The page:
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vc wrote:
> vadimtro_at_gmail.com wrote:
> > vc wrote:
> > > That does not look right. Take different values for 'y'.
> >
> > OK, let's add a tuple {(x=2,y=2)} so that the relation becomes
>
> No, let's just consider {(1,2), (3,4)}. You'd see that there would be
> 4 defining equations instead if just two as was in the case of {(1,1),
> (2,1)}.
There are 4 equations indeed
(x-1)(x-3)=0 (x-1)(y-4)=0 (y-2)(x-3)=0 (y-2)(y-4)=0
However, take your favorite computer algebra system, compute Groebner basis, and withness that the system reduces to just 2 equations:
(y-2)(y-4)=0
x-y+1=0
It is easy to see that we need only 2 equations. One defines domain y in {2,4}. The other one is linear interpolation polynome y=x+1. There would be 2 equations for any binary relation which has functional dependency!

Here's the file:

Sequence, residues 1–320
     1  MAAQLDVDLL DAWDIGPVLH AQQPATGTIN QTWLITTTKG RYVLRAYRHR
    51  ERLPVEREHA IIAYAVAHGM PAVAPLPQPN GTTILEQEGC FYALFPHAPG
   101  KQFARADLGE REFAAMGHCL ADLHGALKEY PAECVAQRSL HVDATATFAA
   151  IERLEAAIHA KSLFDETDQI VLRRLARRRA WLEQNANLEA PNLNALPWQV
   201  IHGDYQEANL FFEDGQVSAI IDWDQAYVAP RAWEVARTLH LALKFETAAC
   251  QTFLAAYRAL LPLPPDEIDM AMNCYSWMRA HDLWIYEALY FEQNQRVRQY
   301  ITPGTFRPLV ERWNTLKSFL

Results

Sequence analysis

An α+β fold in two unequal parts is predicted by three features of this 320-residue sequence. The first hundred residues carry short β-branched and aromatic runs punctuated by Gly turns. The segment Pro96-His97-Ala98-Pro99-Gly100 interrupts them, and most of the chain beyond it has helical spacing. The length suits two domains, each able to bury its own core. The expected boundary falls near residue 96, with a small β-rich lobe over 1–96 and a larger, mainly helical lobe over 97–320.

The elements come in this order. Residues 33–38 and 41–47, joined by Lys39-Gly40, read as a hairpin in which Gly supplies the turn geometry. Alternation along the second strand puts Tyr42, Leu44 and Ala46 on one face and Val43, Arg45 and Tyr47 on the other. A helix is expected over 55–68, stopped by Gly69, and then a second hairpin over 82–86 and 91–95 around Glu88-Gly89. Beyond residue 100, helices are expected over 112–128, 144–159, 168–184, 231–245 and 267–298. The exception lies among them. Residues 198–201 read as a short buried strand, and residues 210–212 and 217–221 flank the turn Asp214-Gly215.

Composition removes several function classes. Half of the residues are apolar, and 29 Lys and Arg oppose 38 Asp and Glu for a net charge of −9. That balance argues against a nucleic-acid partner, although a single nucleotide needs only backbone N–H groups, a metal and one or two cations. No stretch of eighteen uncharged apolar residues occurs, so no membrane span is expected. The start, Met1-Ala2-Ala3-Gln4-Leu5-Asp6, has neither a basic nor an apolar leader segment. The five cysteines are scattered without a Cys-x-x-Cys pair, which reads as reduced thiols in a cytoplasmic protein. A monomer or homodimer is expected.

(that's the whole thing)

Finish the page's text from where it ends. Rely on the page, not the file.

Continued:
> My point is that you want to explain to those interested how
> you recover polynoms from the variety and what computational complexity
> it would entail, not just say "Can we write those equations explicitly?
> Sure".
It could be constructed by adding tuples one by one like in the example in my previous message. It might be beneficial to apply Buchberger algorithm at each step in order to collapse the system.
I haven't research complexity issues. Buchberger algorithm is known to be theoretically non-efficient, while it has good behaviour on practice.
> > > For example, what field did you have
> > > in mind when you talked about polynomials ?
> >
> > C ? This matter doesn't seem important to me.
>
> Then, how do you intend to handle non-numeric domains like strings of
> characters, or user defined finite domains ?
I expected this question:-) Map them to numbers somehow? Received on Wed Jun 28 2006 - 16:10:33 CDT